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Publication: Dead End
Dave Cockrum Dies in Superman Pajamas

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@@@         DEAD END - Friday, December 1, 2006          @@@
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"Death borders upon our birth, and our cradle stands in the 
grave. Our birth is nothing but our death begun." Bishop Hall

Welcome to another edition of Dead End.

This week we say good-bye to comic book illustrator Dave 
Cockrum, who created the X-Men characters that we recognize 
from the recent movies. "They took his characters and made 
an industry out of them, said Neal Adams, a well-known 
illustrator. This comic book genius touched the lives of 
many, and next year, Mr. Cockrum’s rendering of Wolverine 
is scheduled to be used on a postage stamp.

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Wearing Superman pajamas and covered with his Batman blanket, 
comic book illustrator Dave Cockrum died Sunday. The 63-year
old overhauled the X-Men comic, helped turn the title into a 
publishing sensation and major film franchise. Cockrum died at 
his home in Belton, South Carolina, after a long battle with 
diabetes. A family friend said he will be cremated in a Green 
Lantern shirt. Cockrum and writer Len Wein were handed the 
X-Men, a group of young outcasts enrolled in an academy for 
mutants. The premise had failed to capture fans. Cockrum and 
Wein added their own heroes to the comic and many signature 
characters Cockrum designed and co-created -- such as Storm, 
Mystique, Nightcrawler and Colossus -- went on to become part 
of the "X-Men" films. "Dave saw the movie and he cried because 
his characters were on screen and they were living " Meth said. 
He also said Cockrum will be remembered as "a comic incarnate. 
He had a genuine love for comics and for science fiction and 
for fantasy, and he lived in it," Meth said. "He loved his 


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The best-selling author of "Primal Fear,", died on Friday. He 
was 81. He started on his first novel, "Sharky’s Machine," 
while a juror. Mr. Diehl, then 50, was bored by the trial and 
started writing fiction on a notepad. The book, published in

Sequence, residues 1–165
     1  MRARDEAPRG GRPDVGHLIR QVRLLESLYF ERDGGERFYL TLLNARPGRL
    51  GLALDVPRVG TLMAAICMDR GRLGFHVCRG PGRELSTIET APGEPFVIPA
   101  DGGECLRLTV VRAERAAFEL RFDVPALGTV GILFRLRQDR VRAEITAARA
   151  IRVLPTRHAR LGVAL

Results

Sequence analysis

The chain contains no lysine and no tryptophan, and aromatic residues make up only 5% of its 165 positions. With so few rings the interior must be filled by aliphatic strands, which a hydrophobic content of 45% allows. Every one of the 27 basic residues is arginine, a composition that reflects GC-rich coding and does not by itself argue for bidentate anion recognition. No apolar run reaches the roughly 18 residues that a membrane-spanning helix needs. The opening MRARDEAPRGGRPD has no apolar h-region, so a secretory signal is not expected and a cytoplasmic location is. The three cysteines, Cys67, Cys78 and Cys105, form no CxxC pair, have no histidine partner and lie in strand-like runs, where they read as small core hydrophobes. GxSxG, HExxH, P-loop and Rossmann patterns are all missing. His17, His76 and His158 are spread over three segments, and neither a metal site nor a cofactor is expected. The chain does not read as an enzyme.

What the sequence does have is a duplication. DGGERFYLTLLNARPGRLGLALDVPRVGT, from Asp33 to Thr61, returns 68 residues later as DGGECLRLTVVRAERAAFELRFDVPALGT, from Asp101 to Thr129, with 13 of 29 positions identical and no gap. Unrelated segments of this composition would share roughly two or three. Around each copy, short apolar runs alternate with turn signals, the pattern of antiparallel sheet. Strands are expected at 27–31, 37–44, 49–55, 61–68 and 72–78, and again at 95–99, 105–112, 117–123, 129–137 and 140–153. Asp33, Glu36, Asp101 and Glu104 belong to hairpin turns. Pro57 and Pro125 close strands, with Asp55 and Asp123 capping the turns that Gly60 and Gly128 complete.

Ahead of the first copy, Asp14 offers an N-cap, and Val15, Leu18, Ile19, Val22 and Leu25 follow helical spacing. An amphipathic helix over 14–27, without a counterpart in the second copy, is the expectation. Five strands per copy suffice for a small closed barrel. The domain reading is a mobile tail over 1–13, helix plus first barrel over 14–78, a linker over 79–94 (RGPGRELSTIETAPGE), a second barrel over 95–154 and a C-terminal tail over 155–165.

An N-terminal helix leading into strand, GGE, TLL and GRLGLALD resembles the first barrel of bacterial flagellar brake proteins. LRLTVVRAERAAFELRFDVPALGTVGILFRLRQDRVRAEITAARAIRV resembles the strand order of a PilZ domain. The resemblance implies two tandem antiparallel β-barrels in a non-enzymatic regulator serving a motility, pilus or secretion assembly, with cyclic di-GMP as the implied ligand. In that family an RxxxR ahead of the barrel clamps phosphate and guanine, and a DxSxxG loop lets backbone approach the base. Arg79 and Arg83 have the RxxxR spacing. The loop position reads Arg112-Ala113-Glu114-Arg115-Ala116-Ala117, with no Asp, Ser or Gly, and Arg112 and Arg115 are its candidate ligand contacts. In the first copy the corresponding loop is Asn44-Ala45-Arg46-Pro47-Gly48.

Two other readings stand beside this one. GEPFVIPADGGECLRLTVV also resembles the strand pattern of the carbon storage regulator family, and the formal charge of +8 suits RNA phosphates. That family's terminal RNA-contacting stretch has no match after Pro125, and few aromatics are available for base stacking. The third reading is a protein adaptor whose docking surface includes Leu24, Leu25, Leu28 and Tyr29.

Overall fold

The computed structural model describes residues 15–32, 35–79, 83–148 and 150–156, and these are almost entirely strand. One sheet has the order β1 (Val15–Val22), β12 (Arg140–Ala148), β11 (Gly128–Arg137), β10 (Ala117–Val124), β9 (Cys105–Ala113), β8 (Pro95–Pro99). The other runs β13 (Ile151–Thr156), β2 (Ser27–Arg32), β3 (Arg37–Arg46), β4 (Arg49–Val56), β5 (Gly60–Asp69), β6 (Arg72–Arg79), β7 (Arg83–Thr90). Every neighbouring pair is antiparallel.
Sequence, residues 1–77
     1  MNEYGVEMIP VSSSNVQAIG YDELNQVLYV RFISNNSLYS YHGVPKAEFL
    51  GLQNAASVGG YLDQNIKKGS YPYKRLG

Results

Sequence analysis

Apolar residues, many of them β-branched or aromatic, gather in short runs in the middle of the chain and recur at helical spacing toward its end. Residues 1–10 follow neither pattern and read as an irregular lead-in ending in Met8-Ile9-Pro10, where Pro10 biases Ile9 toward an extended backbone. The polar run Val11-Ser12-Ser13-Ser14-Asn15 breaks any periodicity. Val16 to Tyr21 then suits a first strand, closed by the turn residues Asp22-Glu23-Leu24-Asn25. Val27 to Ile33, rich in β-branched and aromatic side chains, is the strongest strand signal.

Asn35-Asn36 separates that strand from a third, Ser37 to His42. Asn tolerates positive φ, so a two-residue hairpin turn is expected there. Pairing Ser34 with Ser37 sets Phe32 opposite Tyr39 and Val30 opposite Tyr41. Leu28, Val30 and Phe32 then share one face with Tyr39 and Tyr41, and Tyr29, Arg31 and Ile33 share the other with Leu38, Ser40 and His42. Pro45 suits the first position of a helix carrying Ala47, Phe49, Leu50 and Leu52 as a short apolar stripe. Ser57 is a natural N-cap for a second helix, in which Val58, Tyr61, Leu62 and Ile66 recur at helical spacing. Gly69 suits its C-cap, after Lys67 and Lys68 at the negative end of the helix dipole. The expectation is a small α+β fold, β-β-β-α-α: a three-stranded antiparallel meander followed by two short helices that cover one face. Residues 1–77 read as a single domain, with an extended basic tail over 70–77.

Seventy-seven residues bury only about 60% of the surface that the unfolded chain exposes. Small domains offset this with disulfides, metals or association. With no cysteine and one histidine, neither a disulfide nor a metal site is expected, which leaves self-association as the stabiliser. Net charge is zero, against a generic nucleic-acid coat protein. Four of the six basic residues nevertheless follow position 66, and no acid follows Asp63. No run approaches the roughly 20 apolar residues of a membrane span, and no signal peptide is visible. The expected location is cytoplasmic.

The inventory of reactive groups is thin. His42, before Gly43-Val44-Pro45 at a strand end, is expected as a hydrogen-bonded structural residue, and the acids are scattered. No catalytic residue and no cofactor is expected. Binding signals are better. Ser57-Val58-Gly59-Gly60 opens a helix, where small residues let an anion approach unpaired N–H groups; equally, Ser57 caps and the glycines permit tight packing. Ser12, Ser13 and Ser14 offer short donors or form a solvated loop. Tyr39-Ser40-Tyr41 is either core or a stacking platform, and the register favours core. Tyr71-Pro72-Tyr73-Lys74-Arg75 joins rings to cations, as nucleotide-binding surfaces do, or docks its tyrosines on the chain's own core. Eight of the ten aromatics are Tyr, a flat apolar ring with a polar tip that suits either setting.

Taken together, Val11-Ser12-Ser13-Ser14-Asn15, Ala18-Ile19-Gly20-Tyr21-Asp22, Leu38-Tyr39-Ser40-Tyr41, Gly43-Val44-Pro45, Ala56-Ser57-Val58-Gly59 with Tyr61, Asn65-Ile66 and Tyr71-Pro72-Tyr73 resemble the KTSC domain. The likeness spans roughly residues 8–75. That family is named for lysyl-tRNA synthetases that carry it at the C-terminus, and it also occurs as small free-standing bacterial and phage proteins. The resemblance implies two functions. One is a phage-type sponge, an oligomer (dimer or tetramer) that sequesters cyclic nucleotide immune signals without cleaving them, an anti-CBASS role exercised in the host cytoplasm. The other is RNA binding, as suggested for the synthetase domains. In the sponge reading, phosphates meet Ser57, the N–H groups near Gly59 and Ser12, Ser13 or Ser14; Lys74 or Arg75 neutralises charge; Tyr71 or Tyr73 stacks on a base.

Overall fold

1978, became a best seller and, in 1981, a movie starring Burt 
Reynolds. Mr. Diehl was unemployed when he got the news that 
the book was going to be published, when his agent first 
called to tell him, the phone line went dead, sice he hadn't 
paid the bill. Diehl’s other novels included "Primal Fear," a 
1993 thriller, which became a 1996 film starring Richard Gere 
and Edward Norton. Mr. Diehl was formerly a writer for The 
Journal-Constitution and had been a freelance photographer and 
magazine editor. He also served in World War II as a ball-
turret gunner aboard a B-24 bomber.


Pat Dobson, one of four starters to win 20 games for the 
Orioles in 1971 and later a member of an illustrious pitching 
staff in Baltimore and a savvy scouting department with the 
San Francisco Giants, died at the age of 64. In 1971 Dobson 
went 20-8 for the Orioles, rounding out a rotation which 
included Jim Palmer (20-9), Dave McNally (21-5) and Mike 
Cuellar (20-9). The 1920 Chicago White Sox are the only other 
team in major league history to have four 20-game winners. "He
is one of four that everybody will remember," said Earl Weaver, 
the former Baltimore manager. He also won a World Series ring 
with the 1968 Detroit Tigers. After his playing career ended, 
Dobson spent 8 seasons as a pitching coach for Milwaukee 
(1982-84), San Diego (1988-90), Kansas City (1991) and Balti-
more (1996). This year, his ninth with the Giants, Dobson was 
a special assistant to Brian Sabean, the team’s general manager.



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Anita O’Day, whose vocal style made her a premier singer of 
both the big-band and postwar jazz eras, and whose taste for 
fast living secured her name as one of jazz’s toughest survi-
vors, died yesterday in Los Angeles. She was 87. Her career 
took off for the first time in the big-band era. "When you 
think of the great jazz singers, I would think that Anita is 
the only white woman that belongs in the same breath as Ella 
Fitzgerald and Billie Holiday and Sarah Vaughan," said the 
jazz critic Will Friedwald. Through most of the 1940s, Ms. 
O’Day ranked among the best of the big-band vocalists. Her 
Sunday afternoon performance at the 1958 Newport Jazz Festival, 
as captured in Bert Stern’s film "Jazz on a Summer’s Day," was 
one of her great offhanded achievements. She sang an insinu-
ating "Sweet Georgia Brown" and a breakneck "Tea for Two." Ms. 
O’Day was fond of asserting that she was not a singer, but a 
song stylist; she took pride in her self-made technique and 
her ability to deliver a tune with confidence, no matter how 
frenetic the setting.


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Notable deaths this week in history...

In 1986, Cary Grant, the actor who starred in such classics 
as "His Girl Friday," "Bringing Up Baby," and "Suspicion," 
died at the age of 82.

In 1984, Robert Louis Stevenson, poet, novelist and essay-
ist, who wrote the children's book "Treasure Island," died 
at the age of 44.

Also in 1986, Cuban-American actor and television producer, 
best known for the popular television sitcom "I Love Lucy," 
died at the age of 69.

In 2001, rock musician George Harrison, who achieved legend-
ary status as the lead guitarist for The Beatles, died at 
the age of 58.

          GopherCentral's Question of the Week

Do you think "Kramer's" recent racist comments will kill 
his career?

Please take a moment to share your opinion, visit:
Question of the Week

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